Bodog Anonymous Tables Hacked
Bodog’s new anonymous poker table feature may not be as anonymous as the company claims, according to poker blogger form poker software maker HH Smithy. The blogger, identified only as “Kyle from HH Smithy,” claims he was able to hack into the site in under three hours and access player information. HH Smithy made news in the poker world last week by pulling a similar move with PartyPoker’s anonymous tables.
Anonymous Tables Explained
Anonymous tables are increasingly being used by big name poker sites to protect newer players from more experienced, predatory players. At an anonymous table, a player’s record and other information is obscured and, supposedly, protected from data mining tools and HUDs to gain an advantage. (HUDs are heads up displays that allow players to access real-time information about their opponents without disturbing their play or switching browsers.)
But in a video posted on his blog, and quickly re-posted across the iGaming world a blogger identified “Kyle from HH Smithy” shows how he used his company’s PartyCrasher tool to quickly “de-anonymize” player ID’s. With player ID’s in hand, Kyle was able to retrieve hand histories and other information that would help a player gain an edge at any table. HH Smithy is a maker of HUD software.
Never Trust a Client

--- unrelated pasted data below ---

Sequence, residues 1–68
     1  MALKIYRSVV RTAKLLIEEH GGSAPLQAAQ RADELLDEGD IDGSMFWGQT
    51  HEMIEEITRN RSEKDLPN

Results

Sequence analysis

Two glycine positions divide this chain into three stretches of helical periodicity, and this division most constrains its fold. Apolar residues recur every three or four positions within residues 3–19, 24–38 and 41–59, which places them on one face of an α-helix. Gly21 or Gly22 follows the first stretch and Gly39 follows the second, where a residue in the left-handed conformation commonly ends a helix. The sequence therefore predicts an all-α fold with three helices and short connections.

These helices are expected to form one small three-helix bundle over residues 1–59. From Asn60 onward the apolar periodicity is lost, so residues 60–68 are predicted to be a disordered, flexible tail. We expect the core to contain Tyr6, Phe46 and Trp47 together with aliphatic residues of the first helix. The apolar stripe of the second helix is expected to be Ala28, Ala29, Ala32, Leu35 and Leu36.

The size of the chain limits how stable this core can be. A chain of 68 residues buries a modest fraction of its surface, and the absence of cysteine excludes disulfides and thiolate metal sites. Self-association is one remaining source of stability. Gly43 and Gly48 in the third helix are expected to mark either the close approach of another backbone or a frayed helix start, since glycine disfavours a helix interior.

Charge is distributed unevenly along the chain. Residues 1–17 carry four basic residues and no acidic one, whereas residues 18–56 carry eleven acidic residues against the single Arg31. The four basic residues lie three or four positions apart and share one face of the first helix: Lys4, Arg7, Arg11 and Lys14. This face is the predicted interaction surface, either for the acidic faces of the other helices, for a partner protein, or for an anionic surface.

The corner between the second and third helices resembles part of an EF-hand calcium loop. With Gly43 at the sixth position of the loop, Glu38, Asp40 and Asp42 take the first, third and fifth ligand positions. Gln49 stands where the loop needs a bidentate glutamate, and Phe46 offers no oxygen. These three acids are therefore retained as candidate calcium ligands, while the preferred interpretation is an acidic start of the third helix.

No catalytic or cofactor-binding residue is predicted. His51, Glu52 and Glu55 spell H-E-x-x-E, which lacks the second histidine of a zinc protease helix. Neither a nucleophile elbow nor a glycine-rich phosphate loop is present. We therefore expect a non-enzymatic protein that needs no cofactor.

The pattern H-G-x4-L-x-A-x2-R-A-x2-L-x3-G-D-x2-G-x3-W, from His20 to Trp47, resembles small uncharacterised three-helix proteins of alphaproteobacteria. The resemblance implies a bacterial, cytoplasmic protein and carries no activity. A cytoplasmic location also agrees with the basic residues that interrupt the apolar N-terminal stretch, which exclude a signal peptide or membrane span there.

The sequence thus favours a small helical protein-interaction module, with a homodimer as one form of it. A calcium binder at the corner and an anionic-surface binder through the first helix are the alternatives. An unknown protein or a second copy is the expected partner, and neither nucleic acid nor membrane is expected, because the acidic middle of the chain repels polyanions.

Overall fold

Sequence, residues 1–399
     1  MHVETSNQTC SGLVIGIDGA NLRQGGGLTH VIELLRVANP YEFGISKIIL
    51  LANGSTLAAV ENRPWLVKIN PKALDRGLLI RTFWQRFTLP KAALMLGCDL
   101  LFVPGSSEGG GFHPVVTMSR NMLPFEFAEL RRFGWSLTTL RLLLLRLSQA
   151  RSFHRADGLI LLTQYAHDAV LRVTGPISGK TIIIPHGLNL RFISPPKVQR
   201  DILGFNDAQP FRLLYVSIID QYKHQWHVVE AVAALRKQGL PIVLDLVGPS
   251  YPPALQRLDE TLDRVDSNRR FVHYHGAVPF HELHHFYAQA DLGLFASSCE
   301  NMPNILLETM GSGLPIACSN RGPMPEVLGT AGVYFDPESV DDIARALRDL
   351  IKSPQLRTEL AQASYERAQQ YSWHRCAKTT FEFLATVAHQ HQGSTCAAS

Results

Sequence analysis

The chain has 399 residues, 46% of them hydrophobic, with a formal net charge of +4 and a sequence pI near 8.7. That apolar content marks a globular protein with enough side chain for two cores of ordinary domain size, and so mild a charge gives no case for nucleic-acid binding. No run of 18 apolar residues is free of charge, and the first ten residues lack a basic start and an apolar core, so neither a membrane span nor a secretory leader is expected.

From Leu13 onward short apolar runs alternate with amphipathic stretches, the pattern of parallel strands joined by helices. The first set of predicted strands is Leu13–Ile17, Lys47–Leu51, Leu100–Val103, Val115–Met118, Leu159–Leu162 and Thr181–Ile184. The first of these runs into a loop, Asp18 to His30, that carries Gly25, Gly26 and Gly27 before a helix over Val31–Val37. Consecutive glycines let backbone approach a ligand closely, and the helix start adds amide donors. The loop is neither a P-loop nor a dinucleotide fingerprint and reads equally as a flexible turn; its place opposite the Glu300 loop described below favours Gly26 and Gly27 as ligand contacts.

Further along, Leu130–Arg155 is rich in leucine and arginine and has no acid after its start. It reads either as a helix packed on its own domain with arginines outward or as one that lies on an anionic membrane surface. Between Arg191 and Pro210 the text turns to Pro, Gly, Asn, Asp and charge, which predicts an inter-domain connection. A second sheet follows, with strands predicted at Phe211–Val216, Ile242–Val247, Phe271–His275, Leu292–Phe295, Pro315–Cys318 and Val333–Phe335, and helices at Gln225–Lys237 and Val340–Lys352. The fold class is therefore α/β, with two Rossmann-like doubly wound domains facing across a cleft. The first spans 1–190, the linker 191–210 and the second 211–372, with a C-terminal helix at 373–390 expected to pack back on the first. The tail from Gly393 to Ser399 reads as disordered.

The technology behind Kyle’s hack is complex but basically revolves around how servers and clients communicate. Many IT professionals stress a worldview that says, “Never trust a client.” This means that web sites need to sanitize information that’s relayed to users whether it’s readily visible or not.
A Bodog customer service representative responded to the video in a forum posting on the poker news site, PocketFives.com. In the post he dismissed Kyle as an anomaly stating:
As per the anonymity of our Poker tables, for the vast majority of our players, they will not know who they are playing against as they can’t see a screen name or account number while at the tables; however, if someone wants to and has the technical skills to develop the software you saw on the forum they are able to – we are confident this will only be pursued in very isolated cases between now and a future upgrade which will prevent it from working.
A Bigger Problem
Some players are not necessarily concerned that their ID numbers are accessible at anonymous tables, while others are extremely concerned. The latter worry that a small opening like this is all a really good hacker needs to grab more sensitive data. Kyle points out that this is the same sort of security hole that caused major problems for the PlayStation network earlier in the year.
While Bodog seems to dismiss the breach as unusual, they also hinted that they would likely make further changes to address the issue.
A Tough Year for Bodog
The security breach is just the latest bad news in what has been a very bad year for the gaming giant. Besides being ensnared in the legal mess surrounding Black Friday, they recently moved their servers to the Isle of Man and have stopped accepting U.S. Players. But unless this problem is properly addressed, 2012 could be pretty rough, too.
Are online gaming sites doing enough to protect their player’s personal information? Let us know on our Online Gambling Newswire Forum